Parliamentary deputy speaker Joyce Laboso issued the order for the "special sitting of the assembly" on Tuesday, with Parliament to meet on Thursday.
However, even should Kenya choose to leave the International Criminal Court (ICC) – the first country potentially to do so – it would not affect upcoming trials since legal proceedings have already started.
On Tuesday, the ICC trial opens of Vice-President William Ruto on three counts of crimes against humanity for allegedly organising 2007-2008 post-election unrest that killed at least 1 100 people and displaced more than 600 000.
Ruto's trial comes about two months ahead of that of President Uhuru Kenyatta, who faces five charges of crimes against humanity, including murder, rape, persecution, deportation and other inhumane acts.
Lawmakers are expected to debate and vote on a possible departure from the Rome Statute of the ICC, following a request from the senate's majority leader Kithure Kindiki.
"Any law in this country or internationally like the Rome Statute can be repealed and can be amended," said Asman Kamama, one of at least 30 lawmakers supporting Kindiki's petition.
"It is not cast in stone and we want to be the trail blazers in the continent."
The world's worst crimes
The Jubilee Coalition of Kenyatta and Ruto dominate both houses of Kenya's Parliament.
The Hague-based court was set up in 2002 to try the world's worst crimes, and countries voluntarily signed up to join.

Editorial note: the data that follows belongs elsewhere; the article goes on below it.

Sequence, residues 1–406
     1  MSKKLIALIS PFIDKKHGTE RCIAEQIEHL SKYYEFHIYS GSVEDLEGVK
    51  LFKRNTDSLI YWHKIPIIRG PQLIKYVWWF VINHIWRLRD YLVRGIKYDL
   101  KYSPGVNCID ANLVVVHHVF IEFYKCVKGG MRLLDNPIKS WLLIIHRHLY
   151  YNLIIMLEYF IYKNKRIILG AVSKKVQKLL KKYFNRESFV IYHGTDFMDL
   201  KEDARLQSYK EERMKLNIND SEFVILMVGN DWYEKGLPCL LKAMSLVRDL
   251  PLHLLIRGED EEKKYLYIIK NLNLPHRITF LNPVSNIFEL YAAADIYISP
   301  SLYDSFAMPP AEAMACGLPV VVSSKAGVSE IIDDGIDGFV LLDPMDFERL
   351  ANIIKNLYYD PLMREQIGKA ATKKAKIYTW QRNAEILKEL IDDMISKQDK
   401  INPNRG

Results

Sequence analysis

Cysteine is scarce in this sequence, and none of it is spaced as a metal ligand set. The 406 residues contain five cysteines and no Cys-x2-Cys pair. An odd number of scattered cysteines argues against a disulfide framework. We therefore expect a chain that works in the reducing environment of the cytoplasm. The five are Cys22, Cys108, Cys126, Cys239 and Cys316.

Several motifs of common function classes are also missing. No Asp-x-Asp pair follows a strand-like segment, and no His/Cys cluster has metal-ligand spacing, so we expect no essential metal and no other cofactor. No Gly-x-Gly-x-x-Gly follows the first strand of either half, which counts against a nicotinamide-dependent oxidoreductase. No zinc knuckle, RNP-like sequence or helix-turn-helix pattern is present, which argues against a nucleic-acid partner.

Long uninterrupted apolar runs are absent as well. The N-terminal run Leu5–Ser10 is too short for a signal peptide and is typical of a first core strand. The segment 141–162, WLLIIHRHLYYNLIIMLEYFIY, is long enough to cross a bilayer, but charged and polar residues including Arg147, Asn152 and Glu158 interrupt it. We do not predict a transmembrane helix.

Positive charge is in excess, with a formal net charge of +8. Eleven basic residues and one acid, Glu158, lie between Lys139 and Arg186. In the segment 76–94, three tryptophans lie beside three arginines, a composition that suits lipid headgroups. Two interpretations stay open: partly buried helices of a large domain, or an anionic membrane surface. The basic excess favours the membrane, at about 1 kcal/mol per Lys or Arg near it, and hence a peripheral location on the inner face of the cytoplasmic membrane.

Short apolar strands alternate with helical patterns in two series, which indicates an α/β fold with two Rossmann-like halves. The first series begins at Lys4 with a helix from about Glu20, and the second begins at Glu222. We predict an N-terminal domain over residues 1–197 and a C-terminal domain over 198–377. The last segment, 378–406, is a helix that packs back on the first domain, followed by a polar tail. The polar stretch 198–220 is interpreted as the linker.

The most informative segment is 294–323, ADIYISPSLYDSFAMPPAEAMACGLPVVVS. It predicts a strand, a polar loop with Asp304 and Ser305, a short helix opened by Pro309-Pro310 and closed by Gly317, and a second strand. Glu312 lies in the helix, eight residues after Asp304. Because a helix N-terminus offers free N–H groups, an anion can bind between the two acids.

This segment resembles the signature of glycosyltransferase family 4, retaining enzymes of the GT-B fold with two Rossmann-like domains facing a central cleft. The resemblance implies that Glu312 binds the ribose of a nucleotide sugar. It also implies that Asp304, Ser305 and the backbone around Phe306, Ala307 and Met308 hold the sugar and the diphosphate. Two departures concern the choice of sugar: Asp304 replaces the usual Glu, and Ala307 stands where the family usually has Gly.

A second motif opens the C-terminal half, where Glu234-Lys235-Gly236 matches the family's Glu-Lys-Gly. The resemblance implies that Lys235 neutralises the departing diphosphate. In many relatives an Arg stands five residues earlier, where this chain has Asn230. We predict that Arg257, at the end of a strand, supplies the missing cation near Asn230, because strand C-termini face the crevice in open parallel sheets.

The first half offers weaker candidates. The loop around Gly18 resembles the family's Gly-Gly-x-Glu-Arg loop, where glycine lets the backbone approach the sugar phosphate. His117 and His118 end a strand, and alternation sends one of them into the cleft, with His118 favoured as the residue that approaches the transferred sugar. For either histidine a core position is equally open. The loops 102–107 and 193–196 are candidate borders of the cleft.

Lawmakers will debate a motion on whether to pull out from the ICC, but any actual withdrawal requires the submission of a formal request to the United Nations, a process that would take at least a year.
"Withdrawing from the Rome Statute has no impact on cases already open, it does not affect investigations, proceedings or trials which have already started," ICC spokesperson Fadi El Abdallah said.
Kenyatta's trial opens in the Hague on November 12.
Both Kenyatta and Ruto have said they will cooperate fully with the court. They deny the charges against them.
Radio boss Joshua Arap Sang will stand trial alongside Ruto, also on crimes against humanity charges.
The 2007 elections were marred by allegations of vote rigging, but what began as political riots quickly turned into ethnic killings and reprisal attacks, plunging Kenya into its worst wave of violence since independence in 1963.
Kenyatta and Ruto were fierce rivals in the 2007 vote, but teamed up together and were elected in March in peaceful polls.
Ruto will be the first senior politician to stand trial for crimes carried out during the violence, with Human Rights Watch this week stressing the importance of the ICC as "a court of last resort". – AFP